Still hot off the presses is a list of 34 recommendations that’s meant to guide Texas lawmakers to find ways to fix the state’s public education system. Recommendations by the Texas Commission on Public School Finance will be taken up during the legislature’s 2019 session, beginning in January. Their list is a compilation of ideas the commission has been discussing over the past year.
Republican State Rep. Dan Huberty of Houston is a member of the commission, and chairs the House Committee on Public Education. He says he initially didn’t support the public education commission. Now, he’s happy with the product.
“We started with outcomes – what to be expect with the money that we’re spending,” Huberty says. “And the answer is not always more money… What we found is that less than 50 percent of the kids in third grade can’t read. We believe that we should spend more money in early education.”
The report also recommends higher pay for teachers.
Huberty says the commission recommends finding ways to “inject new sources of revenue into the system.” The commission didn’t make a recommendation on how much money the state would spend on education, overall.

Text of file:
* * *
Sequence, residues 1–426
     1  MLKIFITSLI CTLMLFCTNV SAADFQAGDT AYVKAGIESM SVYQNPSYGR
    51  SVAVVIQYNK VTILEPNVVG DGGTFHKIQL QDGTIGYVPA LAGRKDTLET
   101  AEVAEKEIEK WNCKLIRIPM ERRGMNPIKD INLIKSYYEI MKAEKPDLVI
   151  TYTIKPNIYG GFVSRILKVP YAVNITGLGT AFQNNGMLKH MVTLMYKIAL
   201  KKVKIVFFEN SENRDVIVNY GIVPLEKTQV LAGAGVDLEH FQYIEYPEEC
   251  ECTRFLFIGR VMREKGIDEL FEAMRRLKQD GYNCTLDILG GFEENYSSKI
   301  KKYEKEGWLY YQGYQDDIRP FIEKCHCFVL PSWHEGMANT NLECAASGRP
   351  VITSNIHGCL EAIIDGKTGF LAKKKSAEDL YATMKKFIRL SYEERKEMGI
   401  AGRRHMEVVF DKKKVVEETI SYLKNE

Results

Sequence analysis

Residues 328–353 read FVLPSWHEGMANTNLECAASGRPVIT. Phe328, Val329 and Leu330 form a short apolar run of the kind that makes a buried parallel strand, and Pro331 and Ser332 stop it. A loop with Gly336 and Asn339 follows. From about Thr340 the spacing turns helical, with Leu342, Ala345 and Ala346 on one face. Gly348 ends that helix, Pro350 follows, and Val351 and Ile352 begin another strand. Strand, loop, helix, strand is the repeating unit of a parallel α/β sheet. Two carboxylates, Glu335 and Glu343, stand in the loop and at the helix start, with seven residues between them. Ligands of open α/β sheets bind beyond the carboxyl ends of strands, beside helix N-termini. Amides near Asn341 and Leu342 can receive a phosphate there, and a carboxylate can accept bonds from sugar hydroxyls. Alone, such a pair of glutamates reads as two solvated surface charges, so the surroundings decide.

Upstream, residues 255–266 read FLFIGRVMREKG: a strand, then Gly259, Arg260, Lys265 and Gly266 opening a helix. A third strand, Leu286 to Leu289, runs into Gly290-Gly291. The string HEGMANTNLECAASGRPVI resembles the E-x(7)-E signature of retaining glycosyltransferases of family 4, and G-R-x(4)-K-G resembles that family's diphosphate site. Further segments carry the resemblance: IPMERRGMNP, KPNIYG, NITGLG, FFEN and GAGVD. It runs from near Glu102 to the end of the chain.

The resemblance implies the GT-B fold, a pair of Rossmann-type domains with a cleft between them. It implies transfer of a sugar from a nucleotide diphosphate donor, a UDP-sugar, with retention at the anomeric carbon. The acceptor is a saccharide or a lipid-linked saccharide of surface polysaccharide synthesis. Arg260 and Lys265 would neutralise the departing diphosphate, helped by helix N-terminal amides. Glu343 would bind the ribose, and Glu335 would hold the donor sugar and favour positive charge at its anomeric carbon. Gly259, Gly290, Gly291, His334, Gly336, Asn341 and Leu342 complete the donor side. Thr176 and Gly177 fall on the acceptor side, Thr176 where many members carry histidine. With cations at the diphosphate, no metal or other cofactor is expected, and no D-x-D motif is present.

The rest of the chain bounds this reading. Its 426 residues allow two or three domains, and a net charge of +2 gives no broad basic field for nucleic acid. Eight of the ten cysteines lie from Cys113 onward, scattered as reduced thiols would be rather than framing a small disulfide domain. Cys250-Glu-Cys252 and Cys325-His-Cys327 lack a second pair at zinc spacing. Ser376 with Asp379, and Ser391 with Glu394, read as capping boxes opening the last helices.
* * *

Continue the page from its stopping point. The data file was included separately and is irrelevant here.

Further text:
“What we didn’t want to do is peg ourselves down and say ‘we should spend $2 billion more a year,'” Huberty says.
Huberty says leaders in the House are committed to adding funding for education, but that they haven’t agreed on how much. Outgoing House Speaker Joe Straus said recently that the state could afford to add $5 billion. Huberty says House members need input into the process. But he says the state will need to step up education funding, which has slipped from 50 percent of the total in 2006, to 32 percent, today, with local jurisdictions making up the rest. He says the state’s share of education spending should be treated as an investment.
“Any businessperson will invest into capital resources, or building something new or buying new equipment, or doing something with their labor resources if they know there’s a return on the investment,” Huberty says.
Besides adding to education funding, Huberty says reducing the property tax burden was also a priority for the commission.
“People want and expect tax relief,” Huberty says. “We’re taxing people out of our homes.”
Huberty says he’s hopeful that the 2019 legislative session will result in solutions to school finance, and he has confidence in presumptive Speaker, Dennis Bonnen. The school finance commission could be one reason.
“I think this is the session to fix school finance,” Huberty says. “There is a commitment by the top three leaders in this state that this is gonna happen, we’re gonna get his done.”
During the four previous sessions he’s been a member of the legislature, a number of financial, procedural and political obstacles blocked progress.
Written by Shelly Brisbin.